Celebrating Valentines Day has been something that we have done from an early age. I remember receiving those little ‘Be My Valentine’ notes in primary school. We even had postboxes outside our classrooms which of course made it much easier to stay anonymous. As we grow older, the anonymity of it all might have shifted, but hopefully not the celebration. Most of us have now chosen our lifelong Valentines and we get to celebrate with that special person. Yet how do we set the scene and make it as exciting as in those primary school days where you tried to decipher the handwriting on the notes that inevitably was written by someone else. You create an experience with music, food, your valentine and wine.
The Many Faces of St Valentine
The history and origin of the celebration of Valentines Day are surely shrouded in mystery. As with most celebrations, there is possibly a little bit of truth in most of these. According to the most well-known story around the origin of Valentines Day is a man called Saint Valentine or Valentina. Perhaps I should say a few versions of this man.
Although there are two versions, one of a Roman priest and the other of an Italian bishop, the storylines are very similar. The Catholic Church recognises at least 3 Saint Valentines. All of whom were martyred. A specific legend takes us back to a priest in the third century in Rome. Emperor Claudius II realised that single men made better soldiers than those with wives and subsequent families. He, therefore, outlawed marriage for young men. Valentine saw the injustice in this and carried on performing, now illegal, marriages. He was found out by Claudius II and subsequently beheaded. Similarly, another version of the legend refers to a bishop in Terni who was also beheaded by Claudius II outside Rome.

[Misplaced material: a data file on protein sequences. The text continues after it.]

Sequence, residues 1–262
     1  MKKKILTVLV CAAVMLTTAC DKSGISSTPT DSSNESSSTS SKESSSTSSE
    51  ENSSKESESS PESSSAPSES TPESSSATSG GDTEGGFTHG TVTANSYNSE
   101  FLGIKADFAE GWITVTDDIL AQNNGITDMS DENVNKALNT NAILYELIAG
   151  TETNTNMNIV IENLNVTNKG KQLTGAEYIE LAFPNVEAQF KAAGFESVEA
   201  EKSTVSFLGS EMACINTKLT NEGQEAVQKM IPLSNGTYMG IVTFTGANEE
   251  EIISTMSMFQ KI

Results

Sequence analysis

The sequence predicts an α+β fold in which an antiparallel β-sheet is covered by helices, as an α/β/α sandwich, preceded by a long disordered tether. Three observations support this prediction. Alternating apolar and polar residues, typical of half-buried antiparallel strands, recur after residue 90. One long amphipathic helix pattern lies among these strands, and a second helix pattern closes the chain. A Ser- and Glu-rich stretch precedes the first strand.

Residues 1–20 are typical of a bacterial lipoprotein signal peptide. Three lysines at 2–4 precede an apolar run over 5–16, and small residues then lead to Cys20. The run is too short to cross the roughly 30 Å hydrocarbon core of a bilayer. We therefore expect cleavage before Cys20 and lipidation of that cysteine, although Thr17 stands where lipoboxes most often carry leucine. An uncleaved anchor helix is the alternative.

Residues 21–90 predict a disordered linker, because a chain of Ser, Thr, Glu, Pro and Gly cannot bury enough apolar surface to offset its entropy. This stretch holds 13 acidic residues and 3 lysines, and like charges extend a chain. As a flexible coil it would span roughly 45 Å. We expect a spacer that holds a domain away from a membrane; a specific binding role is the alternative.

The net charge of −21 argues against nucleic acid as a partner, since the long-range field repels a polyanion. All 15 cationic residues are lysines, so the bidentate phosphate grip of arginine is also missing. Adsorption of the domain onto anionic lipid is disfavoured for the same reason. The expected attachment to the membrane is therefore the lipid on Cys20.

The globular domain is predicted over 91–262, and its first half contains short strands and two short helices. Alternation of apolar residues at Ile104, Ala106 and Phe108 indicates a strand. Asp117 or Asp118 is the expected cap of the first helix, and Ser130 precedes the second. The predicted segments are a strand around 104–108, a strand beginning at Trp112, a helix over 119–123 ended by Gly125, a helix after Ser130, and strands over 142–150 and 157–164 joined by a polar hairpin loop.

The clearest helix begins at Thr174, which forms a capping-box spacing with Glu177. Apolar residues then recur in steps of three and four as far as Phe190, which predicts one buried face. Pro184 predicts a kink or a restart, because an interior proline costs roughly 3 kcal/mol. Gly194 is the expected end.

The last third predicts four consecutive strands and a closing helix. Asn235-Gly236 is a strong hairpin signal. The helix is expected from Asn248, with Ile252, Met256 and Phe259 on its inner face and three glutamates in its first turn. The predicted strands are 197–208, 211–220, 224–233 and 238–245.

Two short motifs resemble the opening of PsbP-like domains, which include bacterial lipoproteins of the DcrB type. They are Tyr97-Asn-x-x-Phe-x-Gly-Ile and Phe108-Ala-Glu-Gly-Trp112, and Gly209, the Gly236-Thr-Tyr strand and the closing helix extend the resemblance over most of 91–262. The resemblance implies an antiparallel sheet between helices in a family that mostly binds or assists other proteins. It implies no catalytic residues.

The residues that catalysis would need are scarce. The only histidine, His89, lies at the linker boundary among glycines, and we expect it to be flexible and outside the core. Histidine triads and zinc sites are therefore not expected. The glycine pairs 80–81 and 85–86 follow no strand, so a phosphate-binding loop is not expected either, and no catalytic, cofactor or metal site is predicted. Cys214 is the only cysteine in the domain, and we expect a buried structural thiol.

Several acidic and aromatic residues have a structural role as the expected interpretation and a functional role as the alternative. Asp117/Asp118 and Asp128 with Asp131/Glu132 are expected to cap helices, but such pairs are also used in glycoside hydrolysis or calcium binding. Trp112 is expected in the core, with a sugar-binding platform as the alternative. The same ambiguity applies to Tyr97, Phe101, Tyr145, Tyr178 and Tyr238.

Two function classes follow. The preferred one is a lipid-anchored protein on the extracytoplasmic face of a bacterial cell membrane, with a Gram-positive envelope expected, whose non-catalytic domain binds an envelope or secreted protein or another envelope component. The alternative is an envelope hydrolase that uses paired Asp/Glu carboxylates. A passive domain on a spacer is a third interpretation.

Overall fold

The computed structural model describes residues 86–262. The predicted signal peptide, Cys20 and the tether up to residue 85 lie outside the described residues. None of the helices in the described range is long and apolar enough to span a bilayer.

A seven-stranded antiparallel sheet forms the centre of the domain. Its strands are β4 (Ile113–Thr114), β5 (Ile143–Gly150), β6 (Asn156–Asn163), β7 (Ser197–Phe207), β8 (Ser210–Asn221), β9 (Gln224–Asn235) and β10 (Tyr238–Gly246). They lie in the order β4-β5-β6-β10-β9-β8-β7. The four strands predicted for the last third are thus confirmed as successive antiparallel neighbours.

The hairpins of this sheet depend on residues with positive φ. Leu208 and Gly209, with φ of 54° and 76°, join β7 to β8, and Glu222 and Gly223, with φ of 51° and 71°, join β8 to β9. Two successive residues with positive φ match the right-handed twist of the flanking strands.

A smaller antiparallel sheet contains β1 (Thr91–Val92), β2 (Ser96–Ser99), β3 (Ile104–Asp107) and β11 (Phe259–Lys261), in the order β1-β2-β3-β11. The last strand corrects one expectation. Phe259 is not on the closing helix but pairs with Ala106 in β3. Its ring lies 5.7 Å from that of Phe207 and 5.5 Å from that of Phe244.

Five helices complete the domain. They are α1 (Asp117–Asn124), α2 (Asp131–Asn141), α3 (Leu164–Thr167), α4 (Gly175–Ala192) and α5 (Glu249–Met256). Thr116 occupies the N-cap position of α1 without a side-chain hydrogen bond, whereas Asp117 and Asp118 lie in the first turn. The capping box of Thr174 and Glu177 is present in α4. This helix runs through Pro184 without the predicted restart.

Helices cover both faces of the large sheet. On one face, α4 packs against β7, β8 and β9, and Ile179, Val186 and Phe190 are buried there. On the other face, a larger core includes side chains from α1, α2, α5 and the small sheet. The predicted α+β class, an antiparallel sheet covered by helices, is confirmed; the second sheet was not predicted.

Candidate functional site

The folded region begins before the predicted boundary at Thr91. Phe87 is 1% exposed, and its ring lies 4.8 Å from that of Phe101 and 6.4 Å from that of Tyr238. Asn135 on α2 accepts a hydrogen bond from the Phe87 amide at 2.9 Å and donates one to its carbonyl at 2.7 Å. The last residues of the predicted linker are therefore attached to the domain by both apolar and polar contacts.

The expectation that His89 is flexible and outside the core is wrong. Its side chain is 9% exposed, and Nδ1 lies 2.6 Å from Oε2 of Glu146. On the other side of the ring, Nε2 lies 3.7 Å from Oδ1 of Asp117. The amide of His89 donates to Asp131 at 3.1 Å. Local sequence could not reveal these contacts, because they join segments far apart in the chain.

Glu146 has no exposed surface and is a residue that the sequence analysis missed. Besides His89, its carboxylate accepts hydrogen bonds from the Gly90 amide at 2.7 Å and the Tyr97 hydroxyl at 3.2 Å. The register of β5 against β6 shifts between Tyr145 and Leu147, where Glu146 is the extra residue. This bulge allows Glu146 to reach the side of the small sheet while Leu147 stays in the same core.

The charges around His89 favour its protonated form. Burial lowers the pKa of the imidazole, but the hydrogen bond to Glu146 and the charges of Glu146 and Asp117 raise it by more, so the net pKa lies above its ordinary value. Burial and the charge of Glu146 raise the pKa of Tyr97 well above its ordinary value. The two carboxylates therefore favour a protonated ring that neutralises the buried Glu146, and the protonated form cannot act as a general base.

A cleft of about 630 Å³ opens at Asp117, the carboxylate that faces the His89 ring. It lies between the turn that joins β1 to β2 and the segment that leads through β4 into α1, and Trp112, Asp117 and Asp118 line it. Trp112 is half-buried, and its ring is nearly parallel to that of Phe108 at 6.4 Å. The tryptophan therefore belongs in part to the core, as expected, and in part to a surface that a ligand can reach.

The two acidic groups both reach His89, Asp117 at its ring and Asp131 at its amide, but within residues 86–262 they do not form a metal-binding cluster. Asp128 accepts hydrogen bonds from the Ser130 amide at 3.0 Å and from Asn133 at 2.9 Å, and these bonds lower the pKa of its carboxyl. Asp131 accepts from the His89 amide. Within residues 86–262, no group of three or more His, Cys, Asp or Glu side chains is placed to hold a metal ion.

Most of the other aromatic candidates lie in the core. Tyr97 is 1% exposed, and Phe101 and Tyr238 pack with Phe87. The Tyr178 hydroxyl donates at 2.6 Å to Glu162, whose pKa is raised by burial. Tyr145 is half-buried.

Other stories suggest that Saint Valentine helped prisoners escape from the harsh Roman prisons where they were often treated very badly. One version of this sees St Valentine falling in love with a girl (possibly the jailor’s daughter) who visited him in prison. Before his death, he sent her a letter signing it off with the now well-known ‘your Valentine’
It is therefore believed that our celebration commemorates the death or burial of this man. Whichever version of the story might be the true one. The date would have been around A.D. 270.
Yet another angle to this famous man and well-celebrated occasion involves the poet Geoffrey Chaucer.
A festival of fertility and agriculture